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Posted: February 18, 2009 12:01 a.m.

Boost your brain power, health

 The human brain is a marvel. It has neuroplasticity (can rewire itself) and is capable of neurogenesis (growing new cells). Scientists are studying and identifying factors that positively affect both. Here are six ways determined by research to boost brain power and health.

Exercise: Exercise improves the brain’s ability to plan, organize and multi-task, etc. It elevates mood, decreases the chances of getting dementia with age and has been shown to improve immune system functioning and quality of sleep. Even seniors who have lived their entire lives as couch potatoes can improve these abilities by increasing frequency and duration of movement.

Diet: Although the brain is mostly fat, highest and best performance requires good fats like omega-3, found in fish, nuts and seeks. Fruits and vegetables are brain superfoods, high in antioxidants, shown in aging lab rats to keep learning and memory sharp and to reduce brain damage caused by stroke. Contrarily, diets high in saturated fats increase the risk of dementia and are suspected of decreasing performance on tests of learning and memory. And it’s not just what you eat — laboratory animals fed calorie-restricted diets live 25 to 50 percent longer, perform better on tests of memory and coordination and show longer resistance to the negative symptoms of Alzheimer’s, Parkinson’s and Huntington’s disease.

Stimulants: Stimulants rev up the nervous system, increasing heart rate, blood pressure, energy, arousal, alertness, breathing and more. "Caffeine is probably the most famous and the most widely used "drug" in the world. In high doses, though, stimulants become dangerous. Cocaine and amphetamines work on the brain through different mechanisms and increase the release of the brain’s feel good transmitters, dopamine and serotonin, in addition, to boosting alertness and energy. But, they are extremely addictive, and use can result in psychosis, agonizing withdrawal and even death.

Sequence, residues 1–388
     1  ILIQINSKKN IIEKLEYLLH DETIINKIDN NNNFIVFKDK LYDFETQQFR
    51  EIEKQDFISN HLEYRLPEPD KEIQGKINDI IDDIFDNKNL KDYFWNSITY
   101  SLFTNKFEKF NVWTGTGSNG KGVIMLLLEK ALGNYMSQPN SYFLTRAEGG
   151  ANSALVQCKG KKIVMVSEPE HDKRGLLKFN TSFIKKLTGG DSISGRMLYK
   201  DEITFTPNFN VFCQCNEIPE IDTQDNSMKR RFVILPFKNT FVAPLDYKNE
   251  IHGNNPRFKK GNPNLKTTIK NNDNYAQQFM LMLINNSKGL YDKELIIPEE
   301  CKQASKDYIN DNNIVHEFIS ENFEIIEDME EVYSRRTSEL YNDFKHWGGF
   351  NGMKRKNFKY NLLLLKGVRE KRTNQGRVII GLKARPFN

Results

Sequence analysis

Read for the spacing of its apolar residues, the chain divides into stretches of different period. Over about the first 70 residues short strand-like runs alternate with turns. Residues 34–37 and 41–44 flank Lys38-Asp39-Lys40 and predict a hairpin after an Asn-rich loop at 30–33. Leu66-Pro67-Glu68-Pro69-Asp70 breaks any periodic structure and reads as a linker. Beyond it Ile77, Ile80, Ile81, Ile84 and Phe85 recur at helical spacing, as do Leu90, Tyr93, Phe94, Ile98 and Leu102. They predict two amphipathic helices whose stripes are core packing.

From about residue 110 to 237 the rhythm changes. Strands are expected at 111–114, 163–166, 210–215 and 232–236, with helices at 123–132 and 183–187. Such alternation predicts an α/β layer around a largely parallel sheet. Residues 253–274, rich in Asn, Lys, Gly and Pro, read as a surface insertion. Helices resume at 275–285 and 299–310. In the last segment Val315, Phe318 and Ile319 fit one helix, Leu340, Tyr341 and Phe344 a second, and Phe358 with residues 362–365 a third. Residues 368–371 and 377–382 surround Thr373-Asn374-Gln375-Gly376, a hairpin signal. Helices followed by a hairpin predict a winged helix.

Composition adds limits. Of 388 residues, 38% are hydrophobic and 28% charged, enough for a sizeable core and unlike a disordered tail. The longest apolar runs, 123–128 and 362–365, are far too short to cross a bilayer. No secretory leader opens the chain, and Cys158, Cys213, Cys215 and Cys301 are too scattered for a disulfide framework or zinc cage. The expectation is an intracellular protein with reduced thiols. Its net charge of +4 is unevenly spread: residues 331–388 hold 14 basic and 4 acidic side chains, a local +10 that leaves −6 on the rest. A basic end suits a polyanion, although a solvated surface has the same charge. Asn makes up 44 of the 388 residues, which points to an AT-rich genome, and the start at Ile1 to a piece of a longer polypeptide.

Video games: while video games can improve mental dexterity, boost hand-eye coordination, depth perception, pattern recognition and increase attention span and information-processing skills, it is important to monitor the content quality of what the brain is fed. Although data do not yet support a cause-and-effect relation between violent video game use and increased youth violence, a number of studies do show a correlation between heavy use by male playing first-person shooter games and decreased sensitivity to violent depictions as well as increased brain patterns that indicate aggression.

Music: Music activates the auditory cortex which analyzes volume, pitch, timbre, melody and rhythm. In addition, it can activate your brain’s reward centers, reduce anxiety, insomnia, blood pressure, soothe patients with dementia, promote weight gain in premature babies and depress activity in the amygdale, the hub of emotional memory, reducing fear and other negative feelings.

Meditation: "An om a day keeps the doctor away." Reams of scientific studies show that meditation — the turning of the mind inward for contemplation and relaxation — is good medicine for all types of conditions, including anxiety, stress, pain, blood pressure, asthma, insomnia, diabetes and depression. Experts in meditation show spikes of activity in the left prefrontal cortex, the area associated with positive emotion, as well as big boosts in immune system functioning.

 Peggy Nolen is a licensed professional counselor in Covington. Her areas of interest include anxiety, depression, recovery from traumatic experience and problems with drugs and alcohol. She can be reached at (770) 313-5924

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